Krabbe

Krabbe Disease—PBKR03

About PBKR03:

We are developing PBKR03 to treat infantile Krabbe disease, the most common and severe form of Krabbe disease. PBKR03 utilizes a next-generation AAVhu68 capsid to deliver DNA encoding the galactosylceramidase (GALC) enzyme to a patient's cells. PBKR03 will be administered as a single dose by intra-cisterna magna injection into the cerebrospinal fluid.

About Krabbe Disease:

Krabbe disease is a rare and often life-threatening lysosomal storage disease that presents early in the patient’s life, resulting in progressive damage to both the brain and peripheral nervous system (PNS). Infants may present with extreme irritability and excessive crying, feeding difficulties, fisted hands, poor head control, stiffness and arching.

The early infantile form of Krabbe disease typically manifests before six months of age and is the most severe form, accounting for 60% to 70% of Krabbe disease diagnoses. In these patients the disease course is highly predictable and rapidly progresses to include loss of acquired milestones, staring episodes, apnea, peripheral neuropathy, severe weakness, unresponsiveness to stimuli, seizures, blindness, deafness and death by two years of age. Late infantile patients present symptoms that are similar to those of early infantile Krabbe disease, with a median survival of approximately five years from onset of symptoms. Late infantile Krabbe disease is defined by onset between seven to twelve months of age. It comprises approximately 10% to 30% of cases and exhibits greater variability in clinical presentation.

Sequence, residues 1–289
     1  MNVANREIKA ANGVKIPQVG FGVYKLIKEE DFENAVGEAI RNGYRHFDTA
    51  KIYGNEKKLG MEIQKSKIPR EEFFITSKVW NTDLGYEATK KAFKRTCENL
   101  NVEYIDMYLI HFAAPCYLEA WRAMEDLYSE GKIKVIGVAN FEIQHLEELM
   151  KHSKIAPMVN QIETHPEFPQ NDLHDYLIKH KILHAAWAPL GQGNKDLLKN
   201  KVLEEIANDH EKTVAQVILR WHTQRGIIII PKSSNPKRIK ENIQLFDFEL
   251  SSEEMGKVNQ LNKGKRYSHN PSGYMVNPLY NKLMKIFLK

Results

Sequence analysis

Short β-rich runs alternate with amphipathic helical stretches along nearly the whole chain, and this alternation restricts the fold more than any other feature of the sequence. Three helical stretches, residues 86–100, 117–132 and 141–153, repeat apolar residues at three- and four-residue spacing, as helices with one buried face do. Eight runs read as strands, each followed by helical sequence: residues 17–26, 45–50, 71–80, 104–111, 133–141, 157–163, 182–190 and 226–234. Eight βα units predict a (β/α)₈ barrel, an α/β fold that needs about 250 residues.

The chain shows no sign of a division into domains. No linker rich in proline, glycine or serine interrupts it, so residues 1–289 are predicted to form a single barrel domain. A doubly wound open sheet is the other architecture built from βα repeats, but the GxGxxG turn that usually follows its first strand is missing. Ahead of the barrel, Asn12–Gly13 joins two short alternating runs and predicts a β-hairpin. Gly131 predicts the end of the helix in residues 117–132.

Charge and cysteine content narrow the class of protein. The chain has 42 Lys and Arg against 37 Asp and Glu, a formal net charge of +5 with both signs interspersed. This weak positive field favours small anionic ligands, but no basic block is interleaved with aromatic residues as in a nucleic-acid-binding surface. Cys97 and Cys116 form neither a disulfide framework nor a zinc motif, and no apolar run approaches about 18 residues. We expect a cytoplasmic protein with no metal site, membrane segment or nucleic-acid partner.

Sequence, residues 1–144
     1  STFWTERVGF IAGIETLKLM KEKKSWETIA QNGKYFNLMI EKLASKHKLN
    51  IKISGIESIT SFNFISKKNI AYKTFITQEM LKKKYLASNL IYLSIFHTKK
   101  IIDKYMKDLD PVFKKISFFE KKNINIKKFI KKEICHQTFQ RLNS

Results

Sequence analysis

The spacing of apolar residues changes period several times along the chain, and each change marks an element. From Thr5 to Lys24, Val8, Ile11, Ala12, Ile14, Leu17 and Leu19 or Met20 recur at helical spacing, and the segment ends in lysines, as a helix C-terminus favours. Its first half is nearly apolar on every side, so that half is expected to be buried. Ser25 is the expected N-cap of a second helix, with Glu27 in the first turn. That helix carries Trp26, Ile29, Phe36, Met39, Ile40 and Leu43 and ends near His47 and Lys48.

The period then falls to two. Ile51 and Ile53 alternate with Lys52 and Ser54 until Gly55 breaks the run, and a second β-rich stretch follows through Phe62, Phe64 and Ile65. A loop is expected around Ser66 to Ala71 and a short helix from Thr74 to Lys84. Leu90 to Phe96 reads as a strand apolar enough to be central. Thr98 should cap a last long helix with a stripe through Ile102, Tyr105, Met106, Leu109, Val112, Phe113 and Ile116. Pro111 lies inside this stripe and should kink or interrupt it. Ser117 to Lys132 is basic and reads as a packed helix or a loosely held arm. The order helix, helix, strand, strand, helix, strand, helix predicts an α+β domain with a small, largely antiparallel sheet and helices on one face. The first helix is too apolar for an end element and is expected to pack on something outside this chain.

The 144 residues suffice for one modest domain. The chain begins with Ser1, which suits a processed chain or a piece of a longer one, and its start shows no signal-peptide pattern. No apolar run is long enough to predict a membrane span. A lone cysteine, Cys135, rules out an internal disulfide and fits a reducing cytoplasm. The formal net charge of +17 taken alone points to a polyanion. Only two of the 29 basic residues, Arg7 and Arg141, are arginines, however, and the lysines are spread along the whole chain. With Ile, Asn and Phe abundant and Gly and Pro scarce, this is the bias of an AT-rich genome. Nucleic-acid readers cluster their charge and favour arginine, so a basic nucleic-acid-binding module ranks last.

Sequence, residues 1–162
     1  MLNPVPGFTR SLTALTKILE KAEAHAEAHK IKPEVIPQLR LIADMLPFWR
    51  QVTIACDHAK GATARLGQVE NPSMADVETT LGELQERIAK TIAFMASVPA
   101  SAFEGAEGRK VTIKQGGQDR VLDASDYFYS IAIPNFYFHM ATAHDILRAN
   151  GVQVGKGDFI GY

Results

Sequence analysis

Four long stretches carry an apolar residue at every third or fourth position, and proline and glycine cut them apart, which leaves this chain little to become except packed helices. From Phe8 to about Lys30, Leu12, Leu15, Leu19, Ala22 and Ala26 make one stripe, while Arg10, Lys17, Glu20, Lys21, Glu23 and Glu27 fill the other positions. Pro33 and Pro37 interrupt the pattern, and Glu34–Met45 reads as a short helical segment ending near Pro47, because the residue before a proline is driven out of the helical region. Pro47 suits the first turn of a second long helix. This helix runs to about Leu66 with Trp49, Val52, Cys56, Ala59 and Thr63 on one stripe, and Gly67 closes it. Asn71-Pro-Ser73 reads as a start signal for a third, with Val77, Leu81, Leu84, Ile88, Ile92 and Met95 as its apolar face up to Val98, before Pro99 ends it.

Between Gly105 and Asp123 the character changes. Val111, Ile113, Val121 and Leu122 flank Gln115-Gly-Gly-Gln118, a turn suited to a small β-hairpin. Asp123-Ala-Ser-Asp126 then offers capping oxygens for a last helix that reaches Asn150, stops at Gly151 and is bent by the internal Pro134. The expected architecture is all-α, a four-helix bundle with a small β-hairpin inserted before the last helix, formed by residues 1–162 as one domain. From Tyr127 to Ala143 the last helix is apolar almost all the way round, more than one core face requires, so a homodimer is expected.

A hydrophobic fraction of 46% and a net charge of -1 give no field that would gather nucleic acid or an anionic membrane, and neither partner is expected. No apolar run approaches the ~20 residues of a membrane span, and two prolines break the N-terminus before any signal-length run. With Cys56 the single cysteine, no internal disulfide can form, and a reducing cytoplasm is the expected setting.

Krabbe disease is an autosomal recessive lysosomal storage disease caused by mutations in the GALC gene, which provides instructions for making an enzyme called galactosylceramidase, which breaks down certain fats, including galactosylceramide and psychosine. The myelin-producing cells in the central nervous system and peripheral nervous system are particularly sensitive to the accumulation of psychosine, resulting in widespread death of these cell populations. Without myelin, nerves in both the brain and other parts of the body cannot transmit signals properly, leading to the signs and symptoms of Krabbe disease.

There are no approved disease-modifying treatments for Krabbe disease. There is only supportive care for Krabbe disease including feeding tubes, respiratory support and seizure control until death. Although there is some evidence that human stem cell transplant (HSCT) is beneficial for pre-symptomatic infants with Krabbe disease, there is no established way to predict which patients will become symptomatic.

Furthermore, there are serious risks associated with HSCT, including relatively high rates of mortality. When performed after the onset of overt symptoms in these patients, HSCT provides only minimal neurologic improvement and does not substantially improve survival.

We believe the incidence of Krabbe to be approximately 2.6 in 100,00 births, which is higher than reported incidence levels. Our belief is based on work we have done analyzing data from the six states that currently conduct mandatory screening for Krabbe at birth and those states that haven’t yet implemented such screening.